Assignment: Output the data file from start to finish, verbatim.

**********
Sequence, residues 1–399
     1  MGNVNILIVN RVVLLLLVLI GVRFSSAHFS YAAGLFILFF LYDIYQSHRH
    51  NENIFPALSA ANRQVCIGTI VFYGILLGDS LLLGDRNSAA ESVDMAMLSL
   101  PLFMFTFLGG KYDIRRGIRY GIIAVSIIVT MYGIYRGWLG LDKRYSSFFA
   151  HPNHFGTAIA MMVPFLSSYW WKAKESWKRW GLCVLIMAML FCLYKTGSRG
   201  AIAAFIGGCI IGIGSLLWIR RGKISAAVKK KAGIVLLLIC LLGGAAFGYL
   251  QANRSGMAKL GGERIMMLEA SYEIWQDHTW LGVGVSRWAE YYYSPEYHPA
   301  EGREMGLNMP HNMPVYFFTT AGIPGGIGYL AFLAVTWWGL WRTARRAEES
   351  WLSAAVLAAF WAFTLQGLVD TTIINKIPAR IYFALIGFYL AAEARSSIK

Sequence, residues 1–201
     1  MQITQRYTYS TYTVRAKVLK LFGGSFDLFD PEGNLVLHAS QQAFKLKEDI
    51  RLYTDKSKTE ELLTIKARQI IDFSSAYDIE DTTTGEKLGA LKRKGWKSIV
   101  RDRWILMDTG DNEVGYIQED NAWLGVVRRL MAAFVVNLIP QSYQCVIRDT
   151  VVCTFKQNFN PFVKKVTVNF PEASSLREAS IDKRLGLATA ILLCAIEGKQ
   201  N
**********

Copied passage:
Sequence, residues 1–399
     1  MGNVNILIVN RVVLLLLVLI GVRFSSAHFS YAAGLFILFF LYDIYQSHRH
    51  NENIFPALSA ANRQVCIGTI VFYGILLGDS LLLGDRNSAA ESVDMAMLSL
   101  PLFMFTFLGG KYDIRRGIRY GIIAVSIIVT MYGIYRGWLG LDKRYSSFFA
   151  HPNHFGTAIA MMVPFLSSYW WKAKESWKRW GLCVLIMAML FCLYKTGSRG
   201  AIAAFIGGCI IGIGSLLWIR RGKISAAVKK KAGIVLLLIC LLGGAAFGYL
   251  QANRSGMAKL GGERIMMLEA SYEIWQDHTW LGVGVSRWAE YYYSPEYHPA
   301  EGREMGLNMP HNMPVYFFTT AGIPGGIGYL AFLAVTWWGL WRTARRAEES
   351  WLSAAVLAAF WAFTLQGLVD TTIINKIPAR IYFALIGFYL AAEARSSIK

Sequence, residues 1–201
     1  MQITQRYTYS TYTVRAKVLK LFGGSFDLFD PEGNLVLHAS QQAFKLKEDI
    51  RLYTDKSKTE ELLTIKARQI IDFSSAYDIE DTTTGEKLGA LKRKGWKSIV
   101  RDRWILMDTG DNEVGYIQED NAWLGVVRRL MAAFVVNLIP QSYQCVIRDT
   151  VVCTFKQNFN PFVKKVTVNF PEASSLREAS IDKRLGLATA ILLCAIEGKQ
   201  N